Articles Posted in Non-Compete Agreement / Covenant Not to Compete

Non-compete agreements were originally intended to prevent high-level executives from taking trade secrets and client relationships to a competitor, but companies have recently been expanding their use of non-compete agreements to almost all their employment contracts, even with workers earning minimum wage. It has become a way to lock low-wage employees into their current jobs because the terms of their non-compete contract often make it impossible for them to find work in a related field.

At the same time, while non-compete agreements might not do much harm to employees at the executive level because they have more bargaining power, workers at the lower levels often have little-to-no bargaining power and are often unaware of their options when it comes to their employment contracts. Whether that means negotiating the terms of their contract, or recognizing when the contract is invalid, low-wage workers tend to have fewer options than those higher up the ladder.

While there is no federal law putting limitations on when companies can use non-compete agreements, there are a variety of state laws that either ban or limit non-compete agreements within the state. California is famous for their total ban on non-compete agreements, while other states, like Washington, have recently added limitations to when companies can use non-compete clauses and what terms can be included in those contracts. Continue reading ›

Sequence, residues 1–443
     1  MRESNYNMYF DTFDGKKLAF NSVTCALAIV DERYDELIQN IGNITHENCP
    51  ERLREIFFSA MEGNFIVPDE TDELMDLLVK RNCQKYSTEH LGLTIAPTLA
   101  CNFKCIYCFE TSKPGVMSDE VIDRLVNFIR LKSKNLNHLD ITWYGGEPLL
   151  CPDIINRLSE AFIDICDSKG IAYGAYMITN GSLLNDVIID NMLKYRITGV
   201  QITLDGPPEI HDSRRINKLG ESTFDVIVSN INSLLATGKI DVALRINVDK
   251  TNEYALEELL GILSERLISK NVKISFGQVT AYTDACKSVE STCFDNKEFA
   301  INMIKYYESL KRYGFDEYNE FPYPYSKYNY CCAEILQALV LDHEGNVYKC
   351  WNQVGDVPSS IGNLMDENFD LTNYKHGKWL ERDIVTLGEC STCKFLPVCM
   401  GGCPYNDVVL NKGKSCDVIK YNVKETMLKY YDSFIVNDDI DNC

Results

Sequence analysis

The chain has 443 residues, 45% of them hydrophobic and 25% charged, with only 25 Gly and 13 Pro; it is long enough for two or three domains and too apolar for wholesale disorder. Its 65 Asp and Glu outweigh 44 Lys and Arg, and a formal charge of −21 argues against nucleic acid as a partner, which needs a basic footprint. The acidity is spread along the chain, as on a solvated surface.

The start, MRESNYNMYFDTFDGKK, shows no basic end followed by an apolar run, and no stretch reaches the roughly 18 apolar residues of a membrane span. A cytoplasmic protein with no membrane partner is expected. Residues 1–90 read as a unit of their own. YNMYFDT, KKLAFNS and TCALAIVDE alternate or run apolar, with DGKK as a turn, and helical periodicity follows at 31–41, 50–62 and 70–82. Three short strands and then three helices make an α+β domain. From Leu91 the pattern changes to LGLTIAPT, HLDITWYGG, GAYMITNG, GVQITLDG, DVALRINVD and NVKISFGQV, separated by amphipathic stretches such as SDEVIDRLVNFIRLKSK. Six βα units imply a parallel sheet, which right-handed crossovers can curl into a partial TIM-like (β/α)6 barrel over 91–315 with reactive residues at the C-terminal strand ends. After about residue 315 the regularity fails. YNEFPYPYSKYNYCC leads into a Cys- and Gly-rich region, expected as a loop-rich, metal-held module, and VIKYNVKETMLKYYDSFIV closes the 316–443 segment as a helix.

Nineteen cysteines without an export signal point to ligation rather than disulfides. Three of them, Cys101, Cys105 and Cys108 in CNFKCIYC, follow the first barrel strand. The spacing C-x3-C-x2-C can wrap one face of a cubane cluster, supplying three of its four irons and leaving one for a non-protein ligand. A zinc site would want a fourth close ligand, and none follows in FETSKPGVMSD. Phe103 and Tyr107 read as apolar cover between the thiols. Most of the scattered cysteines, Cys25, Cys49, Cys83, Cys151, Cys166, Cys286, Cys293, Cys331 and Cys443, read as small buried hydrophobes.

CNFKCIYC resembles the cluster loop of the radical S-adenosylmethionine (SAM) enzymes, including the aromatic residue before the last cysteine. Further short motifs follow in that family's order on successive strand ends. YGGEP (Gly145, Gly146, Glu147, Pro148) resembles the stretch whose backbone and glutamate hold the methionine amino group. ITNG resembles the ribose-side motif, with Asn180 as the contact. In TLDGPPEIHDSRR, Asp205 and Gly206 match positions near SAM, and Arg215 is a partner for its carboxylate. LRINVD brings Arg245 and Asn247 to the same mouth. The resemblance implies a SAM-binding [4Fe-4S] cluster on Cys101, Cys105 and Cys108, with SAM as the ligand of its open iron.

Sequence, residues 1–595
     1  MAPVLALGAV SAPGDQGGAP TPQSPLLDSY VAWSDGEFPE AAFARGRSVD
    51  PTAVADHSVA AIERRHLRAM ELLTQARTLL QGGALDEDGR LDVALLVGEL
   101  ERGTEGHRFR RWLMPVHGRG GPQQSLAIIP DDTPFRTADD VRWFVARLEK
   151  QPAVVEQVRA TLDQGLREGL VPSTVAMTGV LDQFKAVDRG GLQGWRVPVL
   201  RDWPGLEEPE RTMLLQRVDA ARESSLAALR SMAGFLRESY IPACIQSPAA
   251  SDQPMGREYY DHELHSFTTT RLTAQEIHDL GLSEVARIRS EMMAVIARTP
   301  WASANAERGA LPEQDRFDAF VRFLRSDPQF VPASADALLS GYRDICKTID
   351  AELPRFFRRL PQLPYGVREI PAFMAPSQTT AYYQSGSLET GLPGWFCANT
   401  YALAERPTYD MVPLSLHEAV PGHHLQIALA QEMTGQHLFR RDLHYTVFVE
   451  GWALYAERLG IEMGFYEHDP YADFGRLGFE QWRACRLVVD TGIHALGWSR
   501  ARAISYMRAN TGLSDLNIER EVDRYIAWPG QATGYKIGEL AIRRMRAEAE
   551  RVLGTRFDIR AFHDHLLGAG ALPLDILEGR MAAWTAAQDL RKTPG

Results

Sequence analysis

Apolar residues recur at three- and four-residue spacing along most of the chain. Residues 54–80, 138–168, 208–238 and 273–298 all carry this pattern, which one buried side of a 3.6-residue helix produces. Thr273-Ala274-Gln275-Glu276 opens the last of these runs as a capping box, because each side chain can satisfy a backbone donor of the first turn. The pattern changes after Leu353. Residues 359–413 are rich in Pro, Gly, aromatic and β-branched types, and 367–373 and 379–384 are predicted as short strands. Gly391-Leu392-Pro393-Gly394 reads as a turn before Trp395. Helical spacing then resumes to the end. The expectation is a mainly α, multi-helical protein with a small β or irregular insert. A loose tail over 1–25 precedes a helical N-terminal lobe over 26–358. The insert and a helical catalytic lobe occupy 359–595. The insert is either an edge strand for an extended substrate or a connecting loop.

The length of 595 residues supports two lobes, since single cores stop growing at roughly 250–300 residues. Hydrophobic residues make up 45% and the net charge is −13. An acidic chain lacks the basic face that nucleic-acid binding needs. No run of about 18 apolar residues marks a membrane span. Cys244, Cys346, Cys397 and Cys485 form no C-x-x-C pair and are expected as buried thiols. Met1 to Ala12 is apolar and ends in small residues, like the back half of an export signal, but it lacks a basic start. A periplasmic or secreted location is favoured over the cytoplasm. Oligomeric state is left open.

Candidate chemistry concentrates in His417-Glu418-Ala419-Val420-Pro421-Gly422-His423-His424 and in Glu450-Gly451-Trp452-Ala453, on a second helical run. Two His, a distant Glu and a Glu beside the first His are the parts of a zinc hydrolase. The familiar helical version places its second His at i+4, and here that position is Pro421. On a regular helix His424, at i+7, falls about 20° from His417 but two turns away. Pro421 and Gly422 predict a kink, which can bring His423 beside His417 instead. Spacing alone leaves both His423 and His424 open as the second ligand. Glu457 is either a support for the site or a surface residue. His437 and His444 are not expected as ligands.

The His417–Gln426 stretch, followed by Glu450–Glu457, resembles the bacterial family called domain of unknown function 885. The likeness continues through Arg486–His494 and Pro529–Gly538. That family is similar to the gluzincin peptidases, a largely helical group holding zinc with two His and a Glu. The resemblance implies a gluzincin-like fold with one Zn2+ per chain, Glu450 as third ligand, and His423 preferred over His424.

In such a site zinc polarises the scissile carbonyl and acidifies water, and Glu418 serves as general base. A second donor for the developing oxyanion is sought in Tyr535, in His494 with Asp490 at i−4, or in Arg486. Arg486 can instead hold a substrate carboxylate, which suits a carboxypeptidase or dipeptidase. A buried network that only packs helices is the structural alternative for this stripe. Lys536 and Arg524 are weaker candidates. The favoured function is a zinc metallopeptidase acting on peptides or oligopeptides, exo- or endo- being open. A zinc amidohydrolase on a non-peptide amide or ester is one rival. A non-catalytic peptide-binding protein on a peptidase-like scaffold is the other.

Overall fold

Recently, a unanimous U.S. Third Circuit appellate court upheld payroll company Automatic Data Processing’s (“ADP”) non-compete agreements but remanded the case to the district court for tailoring. The federal appeals court reversed a decision by the district court which had found the covenants not to compete to be unenforceable. In reversing the lower court, the Third Circuit found that the non-compete agreements were necessary to protect ADP’s client relationships and goodwill, interests that New Jersey courts, “consistently recognize as legitimate.”

According to the Third Circuit’s opinion, ADP requires certain high-performing employees to sign non-compete agreements and similar pledges in order to qualify for stock option awards. These restrictive covenants prohibit employees who received stock options from working for a competitor for one year and from soliciting ADP’s current or prospective clients for two years after leaving ADP. Two former ADP employees challenged ADP’s practice, alleging that the restrictive covenants were more onerous than they needed to be. The Third Circuit found that the solution in such circumstances is to amend, or “blue pencil” the non-compete agreements, not find them entirely unenforceable. Continue reading ›

download-300x150download-1-300x150Super Lawyers named Chicago and Oak Brook shareholder oppression attorney Peter Lubin a Super Lawyer in the Categories of Class Action, Business Litigation, and Consumer Rights Litigation. Patrick Austermuehle of the Firm was named a Rising Star again and has a great deal of experience as a Chicago Defamation Libel and Slander Lawyer.  Peter Lubin and Patrick Austermuehle have achieved this honor for many years which is only given to 5% of Illinois’ attorneys each year.

Lubin Austermuehle’s Oak Brook and Chicago business dispute lawyers have over thirty years experience in litigating defamation, breach of fiduciary duty and shareholder oppression lawsuits.  Our Chicago non-compete agreement and trade secret theft lawyers prosecute and defend many types of unfair business practices and emergency business lawsuits involving injunctions, and TROS, covenant not to compete, franchise, distributor and dealer wrongful termination and trade secret lawsuits and many different kinds of business disputes involving shareholders, partnerships, closely held businesses and employee breaches of fiduciary duty. We also assist businesses and business owners who are victims of fraud.